The idea of using a phone or tablet to scan Carolan’s decoration to read its history has always felt somewhat incomplete. While this kind of visual interaction makes sense in some cases, when all is said and done Carolan is a musical instrument – made to be be played. Shouldn’t it also be possible to conjure up its story by actually playing it?
This nagging thought kept returning to the research team and eventually inspired us to pursue a new idea called Muzicodes. The Artcodes technology that is used to create Carolan’s interactive decorations encodes information into visual patterns. Why not do the same for music? Why not embed hidden codes into music so that digital interactions can be triggered whenever a musician plays them?
There are already several technologies for recognising musical phrases and triggering interactions such as the Shazam music discovery service that attempts to recognise songs from live sound or the Chirps technology that encodes and transmits digital assets as either audible or inaudible audio signals. Our approach is different. We provide composers with ability to embed hidden codes as phrases in a musical score. They can compose a series of notes – combinations of pitches and rhythms – that are then recognised by a computer whenever they occur in the stream of notes generated by someone’s playing. You can read full details in this paper,
An important feature of the approach is that the Muzicodes can be triggered from a variety of different instruments providing that a stream of notes can be generated. Successfully performing the codes might trigger various actions from introducing musical effects and additional instrumental parts to displaying video and potentially even controlling lighting and effects on stage.
The video below shows a banjo, keyboard and of course, the Carolan guitar triggering various Muzicodes. In the case of Carolan, the codes are being used to retrieve posts from this blog so that a musician can explore its lifestory by playing various different chords. In the case of the banjo, playing a key phrase from an Irish tune launches a video of Carolan playing a backing track to which they can play along, showing how Muzicodes might be used to trigger additional parts during a live performance.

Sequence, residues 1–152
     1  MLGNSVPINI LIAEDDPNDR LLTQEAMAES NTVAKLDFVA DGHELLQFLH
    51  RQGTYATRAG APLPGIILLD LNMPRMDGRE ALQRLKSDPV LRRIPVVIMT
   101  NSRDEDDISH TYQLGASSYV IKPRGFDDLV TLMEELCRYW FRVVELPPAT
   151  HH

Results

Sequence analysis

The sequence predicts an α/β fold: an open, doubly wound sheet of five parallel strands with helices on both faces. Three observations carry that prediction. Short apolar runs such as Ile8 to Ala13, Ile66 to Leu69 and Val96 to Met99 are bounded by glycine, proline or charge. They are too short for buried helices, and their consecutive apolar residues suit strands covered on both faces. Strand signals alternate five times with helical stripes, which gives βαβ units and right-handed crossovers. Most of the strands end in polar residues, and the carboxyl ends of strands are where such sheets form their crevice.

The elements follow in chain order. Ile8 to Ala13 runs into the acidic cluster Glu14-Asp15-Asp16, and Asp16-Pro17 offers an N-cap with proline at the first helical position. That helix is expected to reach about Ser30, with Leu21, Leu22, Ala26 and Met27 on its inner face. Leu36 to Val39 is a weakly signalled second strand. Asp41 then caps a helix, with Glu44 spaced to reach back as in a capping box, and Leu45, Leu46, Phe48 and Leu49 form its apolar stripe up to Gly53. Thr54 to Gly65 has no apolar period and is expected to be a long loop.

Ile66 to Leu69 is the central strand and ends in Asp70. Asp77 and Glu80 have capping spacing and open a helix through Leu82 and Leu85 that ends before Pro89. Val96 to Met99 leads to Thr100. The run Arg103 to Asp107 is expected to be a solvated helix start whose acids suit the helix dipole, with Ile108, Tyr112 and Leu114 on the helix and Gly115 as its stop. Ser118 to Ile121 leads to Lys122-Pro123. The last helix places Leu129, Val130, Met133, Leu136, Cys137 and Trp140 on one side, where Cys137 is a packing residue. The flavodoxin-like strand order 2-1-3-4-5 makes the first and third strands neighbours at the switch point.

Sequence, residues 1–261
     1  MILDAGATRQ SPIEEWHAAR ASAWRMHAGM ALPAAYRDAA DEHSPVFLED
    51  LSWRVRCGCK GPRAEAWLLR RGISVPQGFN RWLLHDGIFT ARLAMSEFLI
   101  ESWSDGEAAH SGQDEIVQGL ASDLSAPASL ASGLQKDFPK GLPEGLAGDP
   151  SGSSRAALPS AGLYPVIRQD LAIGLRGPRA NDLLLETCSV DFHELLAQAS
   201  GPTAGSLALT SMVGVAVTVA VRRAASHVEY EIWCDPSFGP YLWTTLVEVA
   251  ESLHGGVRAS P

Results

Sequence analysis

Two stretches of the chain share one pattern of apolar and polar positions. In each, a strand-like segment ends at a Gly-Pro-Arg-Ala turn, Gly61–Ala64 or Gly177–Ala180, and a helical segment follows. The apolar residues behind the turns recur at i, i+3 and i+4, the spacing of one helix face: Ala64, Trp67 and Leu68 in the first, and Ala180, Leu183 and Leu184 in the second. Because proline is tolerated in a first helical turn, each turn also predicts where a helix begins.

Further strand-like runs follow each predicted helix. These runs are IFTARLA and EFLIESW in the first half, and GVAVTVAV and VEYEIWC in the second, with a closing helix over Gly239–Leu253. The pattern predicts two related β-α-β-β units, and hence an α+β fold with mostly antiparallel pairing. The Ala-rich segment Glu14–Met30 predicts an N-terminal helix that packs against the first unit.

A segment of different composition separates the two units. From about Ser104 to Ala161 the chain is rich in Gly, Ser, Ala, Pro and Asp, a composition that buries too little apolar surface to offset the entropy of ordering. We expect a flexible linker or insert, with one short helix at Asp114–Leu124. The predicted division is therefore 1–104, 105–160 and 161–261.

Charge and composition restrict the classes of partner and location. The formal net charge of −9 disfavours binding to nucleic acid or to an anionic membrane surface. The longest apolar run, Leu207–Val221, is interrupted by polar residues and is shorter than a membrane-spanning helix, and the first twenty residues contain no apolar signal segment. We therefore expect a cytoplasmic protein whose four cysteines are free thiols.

An important feature of Muzicodes is the use of ‘wildcard’ notes and phrases within a code giving flexibility over how it can be played, for example with the player being able to add various embellishments and improvisations. The video shows how the same code can be played in quite different ways and yet still trigger a result. This makes Muzicodes very different from existing music recognition systems. Put in Computer Science terms, we are encoding information at a higher level of abstraction – as composed musical phrases rather than recognising finally rendered sounds Not that we are the first to do this. Various composers have hidden codes in their compositions, most notably J S Bach. The difference is that ours are intended to be recognisable by computers and to trigger interactions.
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